One of the most decorated half-back partnerships in Test rugby is coming under pressure from increased competition.
Ireland's first-choice partnership of Conor Murray and Johnny Sexton may not start start together this weekend in Rome, though that would be more of a nod to strengthening the depth of the Irish squad in a World Cup year than a reaction to the form of the Lions duo.
It has, however, been a tricky start in different ways for the pair as Ireland look to move into the positive side of the win/loss record in this championship.
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Munster scrum-half Murray has battled back from an early season injury - he had just 495 minutes of rugby under his belt when England rolled into town earlier this month - and has struggled to hit the sky-high standards we have become accustomed to.
Outside of him, the reigning World Player of the Year Sexton also failed to make an impression, admittedly on the back foot against Eddie Jones' side, with the late intercept encapsulating his afternoon in a moment.
Also short of playing time this season, he departed well before the half-time whistle against Scotland after shipping a heavy knock.
Joey Carbery came on and, after a nervy start, served up a timely reminder that his development is continuing at a rapid pace since his departure from Leinster.
With changes expected against an Italian side languishing again at the bottom of the table, the question for Schmidt is this: does he give Murray and Sexton more game time, or is it the ideal opportunity for others to slot in?
"I suppose with all these games it's about trying to get the right mix on the pitch," skills and kicking coach Richie Murphy said today.
"Joey, obviously, played a lot in the Scottish game so it's about trying to balance that up with game time for the likes of Johnny. So we've watched them training over the last few days, both guys are in good form, so we'll just make a decision a little bit later on."
More focus has centered on Sexton's style of play, playing right to the gainline, in light of further punishment against Scotland, but don't expect the 33-year-old to change any time soon.
"When you play flat on the line, you are going to get hit," Murphy said. "Obviously we don't want him off the pitch, but there is definitely a fine line between what is fair and what isn't fair
"If he changes, he is not the same player he was. He doesn't create the same holes for players that he creates for other people. Then there is no point in having him.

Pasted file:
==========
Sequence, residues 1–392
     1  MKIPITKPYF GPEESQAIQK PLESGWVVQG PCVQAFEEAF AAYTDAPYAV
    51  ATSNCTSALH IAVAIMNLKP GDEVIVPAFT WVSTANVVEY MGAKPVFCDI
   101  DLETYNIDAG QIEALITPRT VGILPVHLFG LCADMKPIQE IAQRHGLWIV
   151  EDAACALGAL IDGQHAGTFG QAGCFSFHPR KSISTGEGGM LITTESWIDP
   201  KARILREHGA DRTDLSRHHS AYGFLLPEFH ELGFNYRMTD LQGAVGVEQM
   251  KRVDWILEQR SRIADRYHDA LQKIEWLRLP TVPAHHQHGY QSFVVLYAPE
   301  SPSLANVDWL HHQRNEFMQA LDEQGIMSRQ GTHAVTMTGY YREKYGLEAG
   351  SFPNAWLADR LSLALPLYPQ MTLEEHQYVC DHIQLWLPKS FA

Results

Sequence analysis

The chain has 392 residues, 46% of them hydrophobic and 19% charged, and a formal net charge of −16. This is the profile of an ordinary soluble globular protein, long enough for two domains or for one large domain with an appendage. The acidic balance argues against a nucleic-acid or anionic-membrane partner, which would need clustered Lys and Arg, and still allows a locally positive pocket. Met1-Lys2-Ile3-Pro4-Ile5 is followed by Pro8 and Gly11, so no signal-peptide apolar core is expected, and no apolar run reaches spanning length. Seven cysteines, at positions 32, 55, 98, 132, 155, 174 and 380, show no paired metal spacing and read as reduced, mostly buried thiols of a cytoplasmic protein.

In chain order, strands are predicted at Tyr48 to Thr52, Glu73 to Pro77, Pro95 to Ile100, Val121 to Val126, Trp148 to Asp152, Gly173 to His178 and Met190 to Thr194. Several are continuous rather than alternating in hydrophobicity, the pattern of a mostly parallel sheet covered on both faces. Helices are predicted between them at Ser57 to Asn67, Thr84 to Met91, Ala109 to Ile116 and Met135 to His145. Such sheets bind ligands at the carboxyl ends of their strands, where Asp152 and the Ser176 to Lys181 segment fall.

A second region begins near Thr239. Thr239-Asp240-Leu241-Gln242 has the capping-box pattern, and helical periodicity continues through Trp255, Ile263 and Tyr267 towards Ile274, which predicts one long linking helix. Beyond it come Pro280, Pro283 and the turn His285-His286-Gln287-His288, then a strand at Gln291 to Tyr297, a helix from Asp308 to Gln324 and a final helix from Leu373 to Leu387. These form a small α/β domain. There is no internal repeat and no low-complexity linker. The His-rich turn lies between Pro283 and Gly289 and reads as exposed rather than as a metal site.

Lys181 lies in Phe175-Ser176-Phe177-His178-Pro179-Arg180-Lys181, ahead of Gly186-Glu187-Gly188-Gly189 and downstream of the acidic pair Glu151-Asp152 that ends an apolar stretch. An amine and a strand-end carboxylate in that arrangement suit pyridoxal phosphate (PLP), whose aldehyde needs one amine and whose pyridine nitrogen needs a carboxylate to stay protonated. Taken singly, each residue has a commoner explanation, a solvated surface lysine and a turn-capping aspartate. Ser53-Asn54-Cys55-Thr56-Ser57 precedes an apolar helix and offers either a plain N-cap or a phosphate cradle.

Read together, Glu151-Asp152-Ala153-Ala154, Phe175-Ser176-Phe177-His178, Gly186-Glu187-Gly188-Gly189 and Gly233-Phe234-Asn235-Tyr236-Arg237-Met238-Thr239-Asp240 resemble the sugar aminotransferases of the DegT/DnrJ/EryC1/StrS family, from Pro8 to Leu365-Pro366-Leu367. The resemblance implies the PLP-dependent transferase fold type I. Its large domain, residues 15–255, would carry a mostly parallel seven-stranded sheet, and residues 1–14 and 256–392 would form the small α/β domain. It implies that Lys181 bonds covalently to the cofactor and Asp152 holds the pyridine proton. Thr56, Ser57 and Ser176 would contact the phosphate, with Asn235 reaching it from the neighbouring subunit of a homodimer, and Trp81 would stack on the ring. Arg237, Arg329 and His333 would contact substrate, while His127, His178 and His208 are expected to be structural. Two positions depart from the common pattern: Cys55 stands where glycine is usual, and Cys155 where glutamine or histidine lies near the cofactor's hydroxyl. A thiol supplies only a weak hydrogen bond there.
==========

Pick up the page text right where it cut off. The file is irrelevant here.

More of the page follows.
"It's a two-fold thing really. The idea of him changing his game so that he can stay on the pitch doesn't really fit.
"He needs to play the game he feels is best. He is a confrontational type of character, he wants to play on the gainline. He wants to create space for others. I can't see that changing."
Murphy laughed off the suggestion that ultimate competitor Sexton wouldn't be pleased to be part of a squad rotation decision, insisting the man in possession of the jersey is well aware that sometimes changes need to be made for the betterment of the team.
Carbery is yet to start a Six Nations game and the coaching team didn't offer any clues as to whether he will get the nod for Sunday's encounter in Rome.
"It would be a natural progression for him at this stage [to start]," Murphy said. "Obviously he came on early against Scotland and he probably had a bit of a shaky start and built himself into the game.
"Those opportunities, when they do come along, he needs to grasp them with both hands. We will have to see where that goes this week."
With Kieran Marmion out of the equation, Ulster's John Cooney has assumed the role of back-up to Murray, scoring a consolation try against England and getting on for the final three minutes at Murrayfield.
The Munster scrum-half didn't play for almost five months due to a neck complaint and is building his way back to form.
A try scorer against the Scots, the precise box-kicks, crisp passing and game management have been slightly below his best and Murphy says it is only natural given his time on the sidelines.
"I think he is progressing well. A late start to the season is actually quite difficult for a lot of players and Conor is no different.
"Everyone around him can make things much easier for him, take the pressure off him. Everyone knows he is a world-class player.
"The thing is to try and get him back into that, where he is feeling good about himself and players around him are taking pressure off."
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